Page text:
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Fake Make-Up: Are you aware of the risks?

Counterfeit versions of MAC, Benefit and Urban Decay make-up have recently been seized at a shop in Warwickshire. Scarily, these were found to contain arsenic, mercury, copper and lead. The build-up of these metals in the body can cause a number of health problems such as high blood pressure, fertility issues, digestive troubles, memory/concentration issues and muscle/joint pain. Warwickshire County Council’s Trading Standards Service are currently investigating this particular case, but in the meantime it’s important to be aware of the dangers, especially since make-up is increasingly being bought online. The dangers of fake goods landing on your doorstep are perhaps higher than you think.

When shopping on sites such as Ebay and Amazon you may come across make-up that looks perfectly legitimate but is in fact sold by non-reputable sellers. So if you do have any doubts about the legitimacy of your make-up there are a few things you can do:

·         Read buyer reviews to see if anyone else has had any problems with a particular seller

·         Check that the colour perfectly matches up to the original

·         Check that the packaging is perfectly symmetrical because fake versions may not be folded as accurately or as neatly as the real thing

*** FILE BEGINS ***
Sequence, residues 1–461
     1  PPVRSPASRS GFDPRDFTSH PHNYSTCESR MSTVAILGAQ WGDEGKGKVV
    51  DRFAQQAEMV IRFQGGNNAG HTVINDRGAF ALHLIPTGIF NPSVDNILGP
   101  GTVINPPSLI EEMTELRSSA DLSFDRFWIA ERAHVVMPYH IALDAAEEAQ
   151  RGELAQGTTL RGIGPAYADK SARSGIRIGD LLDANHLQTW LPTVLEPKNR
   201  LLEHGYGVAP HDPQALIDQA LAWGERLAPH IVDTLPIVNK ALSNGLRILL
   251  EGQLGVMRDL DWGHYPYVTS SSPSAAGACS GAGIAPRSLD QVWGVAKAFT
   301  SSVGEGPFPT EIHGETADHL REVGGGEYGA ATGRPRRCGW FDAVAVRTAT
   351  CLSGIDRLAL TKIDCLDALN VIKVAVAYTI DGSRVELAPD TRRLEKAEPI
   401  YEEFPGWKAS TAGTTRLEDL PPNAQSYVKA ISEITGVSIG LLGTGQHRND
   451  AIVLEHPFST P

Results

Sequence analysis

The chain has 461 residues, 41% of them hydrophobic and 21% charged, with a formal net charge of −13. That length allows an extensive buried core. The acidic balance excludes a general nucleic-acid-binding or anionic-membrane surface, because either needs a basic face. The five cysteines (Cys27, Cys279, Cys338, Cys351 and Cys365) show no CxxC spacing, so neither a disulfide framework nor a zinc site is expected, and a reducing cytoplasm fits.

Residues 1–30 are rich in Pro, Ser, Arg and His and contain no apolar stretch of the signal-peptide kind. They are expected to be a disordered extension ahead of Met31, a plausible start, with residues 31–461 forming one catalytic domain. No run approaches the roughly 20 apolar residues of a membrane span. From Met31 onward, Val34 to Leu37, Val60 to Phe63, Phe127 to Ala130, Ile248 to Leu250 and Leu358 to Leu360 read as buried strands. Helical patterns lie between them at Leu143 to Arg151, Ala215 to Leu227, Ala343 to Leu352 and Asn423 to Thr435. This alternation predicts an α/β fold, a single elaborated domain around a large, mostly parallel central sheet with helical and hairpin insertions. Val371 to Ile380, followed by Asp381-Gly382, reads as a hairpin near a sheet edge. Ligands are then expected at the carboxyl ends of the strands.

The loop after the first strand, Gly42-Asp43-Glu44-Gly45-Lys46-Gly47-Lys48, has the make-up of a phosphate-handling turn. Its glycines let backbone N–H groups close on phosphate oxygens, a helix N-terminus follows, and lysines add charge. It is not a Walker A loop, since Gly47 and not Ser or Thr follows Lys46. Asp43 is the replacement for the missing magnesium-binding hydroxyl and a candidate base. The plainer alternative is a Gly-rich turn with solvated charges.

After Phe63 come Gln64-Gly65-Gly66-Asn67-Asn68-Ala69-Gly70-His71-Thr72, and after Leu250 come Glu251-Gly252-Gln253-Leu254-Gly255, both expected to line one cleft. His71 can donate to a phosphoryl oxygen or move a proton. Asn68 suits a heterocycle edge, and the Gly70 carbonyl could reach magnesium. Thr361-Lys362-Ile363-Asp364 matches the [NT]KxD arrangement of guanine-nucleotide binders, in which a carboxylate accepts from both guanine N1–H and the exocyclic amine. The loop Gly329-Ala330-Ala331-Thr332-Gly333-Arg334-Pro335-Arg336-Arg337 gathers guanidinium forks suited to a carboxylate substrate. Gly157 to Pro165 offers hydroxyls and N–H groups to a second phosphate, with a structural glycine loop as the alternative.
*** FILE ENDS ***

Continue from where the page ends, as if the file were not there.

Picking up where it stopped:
·         Check the font to see if it exactly matches the original – the same goes for logos

·         Check that the spelling and punctuation are correct – fake versions may not be completely accurate


This MAC lipstick is completely the wrong colour and the packaging is not as neat as it should be.


The colours of these eye shadows are just plain wrong, plus MAC doesn’t include applicators in their palettes.


It’s all in the detail. A small difference, but the bottom ‘r’ is not as elongated as the top, which is the real thing.


Ultimately, you should stick to the motto: if it’s too good to be true then it probably is. So have your wits about you – once you start to question how a seller has got hold of MAC lipsticks so cheaply they can sell them for less than a fiver, then you’ll start to be more aware of fakes.

So, instead of putting yourself at risk by buying what could be a fake, it’s a much better idea to find make-up ‘dupes’ instead. There are loads of great buys on the high street that cost a fraction of the price of designer products. Her Campus Nottingham has a great article on the top five make-up dupes for this year – think Sleek lipstick instead of MAC, Revlon lip stain instead of YSL and Rimmel concealer instead of NARS.


Edited by Nicole Jones






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A 3rd year English Literature and Language student at the University of Nottingham.
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